Why we change our goals as we get older

Prashant+Basnet%2C+a+sophomore+informational+technology+major%2C+talks+about+goals+with+fellow+sophomores+Shawn+Lama%2C+a+computer+science+and+mathematics+double+major%2C+Nikita+Thapaliya%2C+Alish+Dhamala+and+Bishwa+Bista%2C+computer+science+majors.+
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Why we change our goals as we get older

Prashant Basnet, a sophomore informational technology major, talks about goals with fellow sophomores Shawn Lama, a computer science and mathematics double major, Nikita Thapaliya, Alish Dhamala and Bishwa Bista, computer science majors.

Prashant Basnet, a sophomore informational technology major, talks about goals with fellow sophomores Shawn Lama, a computer science and mathematics double major, Nikita Thapaliya, Alish Dhamala and Bishwa Bista, computer science majors.

Erica Welter/The Lion’s Roar

Prashant Basnet, a sophomore informational technology major, talks about goals with fellow sophomores Shawn Lama, a computer science and mathematics double major, Nikita Thapaliya, Alish Dhamala and Bishwa Bista, computer science majors.

Erica Welter/The Lion’s Roar

Erica Welter/The Lion’s Roar

Prashant Basnet, a sophomore informational technology major, talks about goals with fellow sophomores Shawn Lama, a computer science and mathematics double major, Nikita Thapaliya, Alish Dhamala and Bishwa Bista, computer science majors.

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A person’s goals tend to change as they mature, and the dreams of their childhood give way to more realistic and attainable ideas.

“I wanted to be a writer, zoologist or secret agent,” said Callie Icenogle, a senior English major.

Though Icenogle’s ambitions no longer include becoming a zoologist or a secret agent, she hopes to become a counselor and incorporate writing as a method of therapy.

“I still love writing and have book ideas, but the longer I’ve been around, the more I want to focus on encouraging people and helping them overcome fear, insecurity and depression hence the counseling,” shared Icenogle.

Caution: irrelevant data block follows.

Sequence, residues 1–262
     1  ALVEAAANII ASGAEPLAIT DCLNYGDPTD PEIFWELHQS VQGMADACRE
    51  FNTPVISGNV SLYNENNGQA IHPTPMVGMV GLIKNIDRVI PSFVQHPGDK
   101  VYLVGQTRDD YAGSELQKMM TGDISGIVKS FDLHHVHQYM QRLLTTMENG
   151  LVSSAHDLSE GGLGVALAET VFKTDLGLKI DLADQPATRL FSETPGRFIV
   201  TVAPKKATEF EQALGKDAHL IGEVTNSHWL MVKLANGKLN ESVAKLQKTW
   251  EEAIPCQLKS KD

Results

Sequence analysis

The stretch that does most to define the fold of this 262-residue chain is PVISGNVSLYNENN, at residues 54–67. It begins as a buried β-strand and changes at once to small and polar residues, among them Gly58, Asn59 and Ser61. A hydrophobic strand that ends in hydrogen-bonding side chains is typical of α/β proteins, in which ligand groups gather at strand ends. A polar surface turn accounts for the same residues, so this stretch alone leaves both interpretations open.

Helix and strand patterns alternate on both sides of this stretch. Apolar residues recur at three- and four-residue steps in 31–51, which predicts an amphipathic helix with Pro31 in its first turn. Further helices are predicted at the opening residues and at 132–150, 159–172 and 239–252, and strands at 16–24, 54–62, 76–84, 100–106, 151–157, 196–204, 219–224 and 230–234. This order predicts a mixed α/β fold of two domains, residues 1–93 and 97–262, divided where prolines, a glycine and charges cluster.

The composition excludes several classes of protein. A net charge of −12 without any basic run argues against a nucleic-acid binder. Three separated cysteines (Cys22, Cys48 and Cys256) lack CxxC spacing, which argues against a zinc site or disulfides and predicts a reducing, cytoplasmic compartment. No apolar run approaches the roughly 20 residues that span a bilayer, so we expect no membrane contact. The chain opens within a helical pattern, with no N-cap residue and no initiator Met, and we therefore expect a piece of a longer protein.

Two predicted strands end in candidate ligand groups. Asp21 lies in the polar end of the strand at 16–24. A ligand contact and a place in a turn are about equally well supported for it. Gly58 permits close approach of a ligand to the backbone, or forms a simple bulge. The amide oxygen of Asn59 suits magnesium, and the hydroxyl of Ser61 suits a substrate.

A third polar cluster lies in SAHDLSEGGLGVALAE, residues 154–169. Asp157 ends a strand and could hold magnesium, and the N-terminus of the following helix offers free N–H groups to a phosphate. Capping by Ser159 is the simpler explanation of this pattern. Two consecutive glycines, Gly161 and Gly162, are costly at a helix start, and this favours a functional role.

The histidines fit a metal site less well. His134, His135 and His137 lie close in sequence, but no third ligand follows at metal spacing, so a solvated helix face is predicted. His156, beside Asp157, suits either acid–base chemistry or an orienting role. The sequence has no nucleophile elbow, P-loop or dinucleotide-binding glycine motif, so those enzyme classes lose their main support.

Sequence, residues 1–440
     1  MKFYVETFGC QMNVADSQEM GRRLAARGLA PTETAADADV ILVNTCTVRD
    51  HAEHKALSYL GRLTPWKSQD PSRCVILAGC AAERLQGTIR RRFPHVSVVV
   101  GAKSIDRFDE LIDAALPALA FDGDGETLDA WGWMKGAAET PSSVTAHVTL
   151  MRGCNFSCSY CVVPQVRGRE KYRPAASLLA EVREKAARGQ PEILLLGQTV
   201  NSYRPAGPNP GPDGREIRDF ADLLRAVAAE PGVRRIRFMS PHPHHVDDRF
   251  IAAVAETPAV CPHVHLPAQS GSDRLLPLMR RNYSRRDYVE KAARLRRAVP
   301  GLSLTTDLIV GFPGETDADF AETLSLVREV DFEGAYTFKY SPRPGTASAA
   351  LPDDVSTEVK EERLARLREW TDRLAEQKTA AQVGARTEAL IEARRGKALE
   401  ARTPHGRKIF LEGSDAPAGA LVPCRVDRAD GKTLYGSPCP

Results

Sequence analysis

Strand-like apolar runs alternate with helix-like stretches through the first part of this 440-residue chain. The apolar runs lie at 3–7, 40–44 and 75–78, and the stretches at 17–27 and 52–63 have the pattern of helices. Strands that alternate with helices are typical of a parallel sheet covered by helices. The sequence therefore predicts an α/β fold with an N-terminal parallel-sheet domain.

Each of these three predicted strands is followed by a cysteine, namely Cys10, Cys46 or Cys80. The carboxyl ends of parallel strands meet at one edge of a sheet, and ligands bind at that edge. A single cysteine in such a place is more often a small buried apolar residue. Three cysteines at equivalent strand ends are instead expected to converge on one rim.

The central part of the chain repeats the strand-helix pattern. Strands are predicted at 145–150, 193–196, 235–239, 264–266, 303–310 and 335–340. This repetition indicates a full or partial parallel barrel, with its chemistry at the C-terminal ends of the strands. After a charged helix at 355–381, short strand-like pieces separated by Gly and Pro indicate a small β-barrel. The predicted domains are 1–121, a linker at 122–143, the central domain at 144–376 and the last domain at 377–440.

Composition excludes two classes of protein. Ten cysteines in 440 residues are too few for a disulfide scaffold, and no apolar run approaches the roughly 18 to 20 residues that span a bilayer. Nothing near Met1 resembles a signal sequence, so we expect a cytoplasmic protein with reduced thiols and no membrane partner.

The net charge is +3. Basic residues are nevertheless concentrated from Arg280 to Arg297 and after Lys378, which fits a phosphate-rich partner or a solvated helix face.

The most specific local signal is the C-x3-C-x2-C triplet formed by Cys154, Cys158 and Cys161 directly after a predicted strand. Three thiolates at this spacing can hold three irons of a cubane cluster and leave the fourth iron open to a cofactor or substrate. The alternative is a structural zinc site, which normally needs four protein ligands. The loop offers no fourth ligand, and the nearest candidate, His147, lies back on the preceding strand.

Dr. Susan Coats, head of the Department of Psychology, believes growing up is all about change.

“Brains literally change as we grow,” said Coats. “So does our body of knowledge and experiences, and our sense of self changes, our bodies change.”

Dr. Alexandra Freund, professor of psychology and chair of developmental psychology at the University of Zurich, studies motivation across life spans and lifelong learning. According to her research brief, people form age-related goals based upon social norms and expectations as well as personal experiences and values.

In an article titled “Age-Differential Motivational Consequences of Optimization Versus Compensation Focus in Younger and Older Adults,” Freund argued that young adults focus on gains and performance, while older adults set goals to counteract losses.

College students, concerned with gaining knowledge and improving performance, provide glimpses into why people change their goals over time.

Morgan Hebert, a sophomore English major, wanted to be a veterinarian when she was a child. She described why she changed her mind.

“I’m more realistic,” Hebert. “I love animals but wouldn’t be able to do half the things vets do. The paths I’m walking down are pushing me to grow in ways I never thought I could. I feel like I’m finding myself more and more every day through my degree and the experiences I’m chasing in life.”

Icenogle felt pressured from relatives when choosing her career path.

“I will admit, telling my relatives that I wanted to be a writer did lead to some discouragement and warnings that I wouldn’t be able to make writing a career,” said Icenogle. “They’re a little more receptive of counseling. Yet, I would’ve still chosen counseling, regardless of their opinion or my salary size.”

A change in a person’s goals can also alter the course of established careers.

A study in the Journal of Organizational Behavior titled “Age effects on the predictors of technical workers’ commitment and willingness to turnover” sampled 3,000 technical professionals from six large companies to investigate why employees leave their employers.

The research suggests people experience three or four phases during their working lives, and each phase is associated with different goals. People mid-career valued opportunity for advancement. Those at later career stages were more likely to change jobs for location, cost of living or personal values.

Icenogle foresees her goals changing in the future based upon her own growth and understanding of her field.

“They’ll probably become less generalized and more specific,” stated Icenogle.